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African art items:


The achievements of African tribal art fascinated many European artists and collectors in the 20th century. From André Breton to Picasso, all were seized with a buying fever that quickly spread in the middle. If these sculptures are more of an artistic dimension for Westerners, it is nevertheless through their ritual sacralisation that they reveal themselves for the African peoples. Their ceremonial role confers on them a unique power that distinguishes them from other forms of ethnic art. These works were acquired (sold or offered by natives) throughout the twentieth century by ethnologists on mission or colonial cooperatives to be exhibited in museums, or integrated into prestigious private collections. This is the story of these pieces that we propose to discover through our gallery and our website.

Tombula Vili Mask
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African art > African mask > Vili Mask

This mask, lined with hammered copper strips, is reminiscent of kota sculptures and reliquaries. A headdress made up of parallel shells extends into a fan behind a prominent front whose amplitude is counterbalanced by a prognathic jaw. Lack of mouth.
Present along the Gabonese coast, the Vili detached from the Kongo kingdom in the 16th century and the Loango Kingdom became a powerful state. Now urbanized for the most part, however, they still incorporate traditional associations, dependent on the cult of ancestors such as the Mbouiti or the Bieri. Like the Kongo group, in order to protect themselves from witchcraft and various plagues, they produce a wide variety of magical ritual objects of the nkisi type. Their masks are used by the association Ndunga or Djembe , but also for the ...


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Holo Hamba fetish statuette
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African art > African fetish > Statuette Holo

The Holo used statuettes to guard against the influence of evil spirits, including the moon and rainbow. These statues were placed near the houses as protection against lightning. Bird figures are also used to protect against ndoki, or wizards, who would activate evil spirits.
In this case the owl embodies a nocturnal protective spirit. The figure Kaponya wa Pwo nyi cikungulu is lined with disparate elements, talismans in the form of ritually charged horn, barks, dried fruits, fagot of feathers. Pink and white ochre pigments were applied to the set. The end of a foot is gnawed.
Situated in The Democratic Congo between the Yaka and the Chukwe of Angola, the small Holo ethnic group migrated from the Angolan coast to settle near the banks of the Kwango River. Hunting and ...

Salampasu Mukinka Mask
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African art > African mask > Salampasu Mask

This African Mask of the Salampasu type, covered with a network of copper strips, has a broad bulbous forehead with a non-existent eyebrow line. The almond eyes end in point towards the circular ears, the nasal volume gradually widening towards the cheeks in the center of which the slightly upturned nasal tip reveals the holes of the nostrils. A simply hollowed-out rectangle acts as a gaping mouth in which the teeth are carved. The top cap consists of black-tinted wicker balls. The rim of the mask is lined with perforations in order to attach the raffia adornment to conceal the dancer during ceremonies related to the society of warriors and initiation rites. At funerals, masks could also be displayed in connection with the deceased's previous initiations, and in many cases for ...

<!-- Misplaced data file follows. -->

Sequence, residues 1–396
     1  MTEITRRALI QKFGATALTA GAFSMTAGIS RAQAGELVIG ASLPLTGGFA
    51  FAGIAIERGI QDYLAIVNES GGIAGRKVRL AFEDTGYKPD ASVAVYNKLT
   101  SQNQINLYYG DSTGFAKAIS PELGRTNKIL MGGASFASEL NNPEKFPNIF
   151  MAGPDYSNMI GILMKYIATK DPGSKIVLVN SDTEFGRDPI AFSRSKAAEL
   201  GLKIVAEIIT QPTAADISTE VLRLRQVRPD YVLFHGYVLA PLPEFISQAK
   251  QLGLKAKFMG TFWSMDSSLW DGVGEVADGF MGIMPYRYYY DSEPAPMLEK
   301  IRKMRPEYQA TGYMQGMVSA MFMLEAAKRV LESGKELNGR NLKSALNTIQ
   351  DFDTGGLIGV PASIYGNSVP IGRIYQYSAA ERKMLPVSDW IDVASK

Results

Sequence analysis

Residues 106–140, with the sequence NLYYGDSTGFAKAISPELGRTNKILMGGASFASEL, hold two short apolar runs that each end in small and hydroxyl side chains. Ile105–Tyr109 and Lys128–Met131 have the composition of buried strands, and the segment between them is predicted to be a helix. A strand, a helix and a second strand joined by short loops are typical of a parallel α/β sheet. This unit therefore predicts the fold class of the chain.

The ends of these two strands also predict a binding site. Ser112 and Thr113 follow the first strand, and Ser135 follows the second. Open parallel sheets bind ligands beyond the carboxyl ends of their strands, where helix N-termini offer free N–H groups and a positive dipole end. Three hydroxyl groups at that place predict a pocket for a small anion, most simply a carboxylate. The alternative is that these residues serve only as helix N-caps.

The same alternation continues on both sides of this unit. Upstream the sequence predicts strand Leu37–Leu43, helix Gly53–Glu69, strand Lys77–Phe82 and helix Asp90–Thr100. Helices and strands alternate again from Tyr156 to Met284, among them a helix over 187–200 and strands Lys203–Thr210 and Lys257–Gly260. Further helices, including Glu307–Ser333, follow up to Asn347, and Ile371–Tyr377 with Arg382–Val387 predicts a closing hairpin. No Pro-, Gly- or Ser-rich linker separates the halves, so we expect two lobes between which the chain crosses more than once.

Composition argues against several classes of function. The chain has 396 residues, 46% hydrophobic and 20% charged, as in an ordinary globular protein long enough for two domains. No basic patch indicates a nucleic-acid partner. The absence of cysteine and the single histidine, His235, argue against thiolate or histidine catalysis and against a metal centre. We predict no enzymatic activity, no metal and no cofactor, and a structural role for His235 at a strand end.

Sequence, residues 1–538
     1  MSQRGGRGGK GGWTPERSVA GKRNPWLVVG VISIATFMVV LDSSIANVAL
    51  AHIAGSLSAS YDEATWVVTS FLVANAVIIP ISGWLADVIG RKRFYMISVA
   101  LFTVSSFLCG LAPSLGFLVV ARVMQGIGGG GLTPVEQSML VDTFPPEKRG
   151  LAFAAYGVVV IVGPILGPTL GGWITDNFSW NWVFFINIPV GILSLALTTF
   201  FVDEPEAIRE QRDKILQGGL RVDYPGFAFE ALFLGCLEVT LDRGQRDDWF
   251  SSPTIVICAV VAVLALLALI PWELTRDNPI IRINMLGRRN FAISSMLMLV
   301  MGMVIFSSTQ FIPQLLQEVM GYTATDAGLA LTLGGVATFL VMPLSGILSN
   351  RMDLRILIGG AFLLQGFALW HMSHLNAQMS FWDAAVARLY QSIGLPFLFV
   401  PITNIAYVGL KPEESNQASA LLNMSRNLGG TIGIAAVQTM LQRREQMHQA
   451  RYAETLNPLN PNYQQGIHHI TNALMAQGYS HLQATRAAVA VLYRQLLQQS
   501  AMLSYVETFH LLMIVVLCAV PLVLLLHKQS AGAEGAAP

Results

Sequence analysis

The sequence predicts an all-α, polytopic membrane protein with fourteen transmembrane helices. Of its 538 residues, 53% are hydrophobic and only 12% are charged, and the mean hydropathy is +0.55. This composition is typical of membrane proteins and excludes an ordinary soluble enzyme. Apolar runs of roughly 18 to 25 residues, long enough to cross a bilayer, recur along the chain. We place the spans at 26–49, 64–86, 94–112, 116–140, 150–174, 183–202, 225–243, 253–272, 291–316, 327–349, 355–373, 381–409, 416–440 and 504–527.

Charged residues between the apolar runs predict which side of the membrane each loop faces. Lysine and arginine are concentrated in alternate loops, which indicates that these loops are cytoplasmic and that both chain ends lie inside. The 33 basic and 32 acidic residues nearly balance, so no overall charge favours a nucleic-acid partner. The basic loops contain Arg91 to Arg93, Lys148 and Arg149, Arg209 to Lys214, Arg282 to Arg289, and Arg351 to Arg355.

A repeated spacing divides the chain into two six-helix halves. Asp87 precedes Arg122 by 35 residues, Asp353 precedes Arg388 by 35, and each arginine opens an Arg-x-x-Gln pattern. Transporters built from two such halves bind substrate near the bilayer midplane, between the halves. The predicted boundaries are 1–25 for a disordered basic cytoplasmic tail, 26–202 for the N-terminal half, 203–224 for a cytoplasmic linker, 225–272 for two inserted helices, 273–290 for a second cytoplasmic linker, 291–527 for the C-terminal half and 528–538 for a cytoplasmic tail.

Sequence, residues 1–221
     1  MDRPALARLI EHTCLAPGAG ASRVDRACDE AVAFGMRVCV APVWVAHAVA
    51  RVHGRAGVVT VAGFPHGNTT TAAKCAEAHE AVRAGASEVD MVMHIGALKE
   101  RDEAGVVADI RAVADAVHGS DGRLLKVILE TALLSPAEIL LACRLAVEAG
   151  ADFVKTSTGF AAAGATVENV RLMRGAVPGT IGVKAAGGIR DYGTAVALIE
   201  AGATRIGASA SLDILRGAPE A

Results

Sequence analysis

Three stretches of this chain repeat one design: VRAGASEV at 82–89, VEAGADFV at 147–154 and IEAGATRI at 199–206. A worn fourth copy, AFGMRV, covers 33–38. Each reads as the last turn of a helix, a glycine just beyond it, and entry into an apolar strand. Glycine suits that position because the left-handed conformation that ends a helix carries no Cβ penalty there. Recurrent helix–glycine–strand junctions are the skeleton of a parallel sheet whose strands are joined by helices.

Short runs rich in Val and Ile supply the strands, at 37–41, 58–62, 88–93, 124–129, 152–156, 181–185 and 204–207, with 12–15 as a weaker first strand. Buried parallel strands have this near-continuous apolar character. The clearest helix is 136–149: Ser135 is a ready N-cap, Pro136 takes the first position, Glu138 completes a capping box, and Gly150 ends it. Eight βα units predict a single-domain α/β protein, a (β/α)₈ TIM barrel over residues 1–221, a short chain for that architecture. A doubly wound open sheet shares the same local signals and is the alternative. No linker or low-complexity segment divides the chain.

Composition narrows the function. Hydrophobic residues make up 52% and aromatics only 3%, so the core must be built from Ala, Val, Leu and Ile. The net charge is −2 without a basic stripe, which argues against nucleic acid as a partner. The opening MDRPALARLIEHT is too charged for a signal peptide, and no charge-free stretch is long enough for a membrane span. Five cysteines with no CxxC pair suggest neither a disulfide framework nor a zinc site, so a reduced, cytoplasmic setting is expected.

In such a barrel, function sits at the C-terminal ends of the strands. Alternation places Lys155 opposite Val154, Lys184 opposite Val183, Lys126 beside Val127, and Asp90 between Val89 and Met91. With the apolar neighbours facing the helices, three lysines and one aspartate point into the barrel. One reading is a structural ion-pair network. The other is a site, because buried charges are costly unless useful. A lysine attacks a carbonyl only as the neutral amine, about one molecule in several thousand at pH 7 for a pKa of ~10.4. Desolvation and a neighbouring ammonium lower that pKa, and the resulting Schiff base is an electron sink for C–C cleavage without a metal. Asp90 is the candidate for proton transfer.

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Sold for 320.00 € 256.00 ( -20.0 %) Find similar item

Chokwe Ngulu Zoomorphic Mask
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African art > African mask > Chokwe Mask

The Tschokwe, in African art, have a male association, the mukanda , which makes use of about thirty African masks, made of wood, for various social purposes and related to ancestors: the mask cikugu, the cihongo , the mask pwo, kalelwa, cikunza, but also this type of animal mask, the ngulu , which was worn on a basketry base. It was also accompanied by coloured cotton fabrics and various small objects. The obscene behaviour that accompanied his exhibition contrasted with the other masked dances. A ribbed pattern perpendicularly crosses the object, from the groin to the end of the skull. Narrow eyeballs with perforated pupils are placed obliquely, while pointed ears animate the surface. A polychrome brush was used on the surface. The Bantu-grown Tschokwe had settled in eastern Angola, but ...

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Fang Ngil mask
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African art > African mask > Fang mask

Ex-french African art collection.
Rituals of justice and African masks Fang. The drop of the forehead accentuates here the severe appearance of the protracted brow arches of a powerful, straight nose. The figuration of carnassière teeth also imprints a threat of vengeance on this primitive mask. Under the thin slits of the eyes, along the nasal ridge, arrow veins recall ethnic scarifications.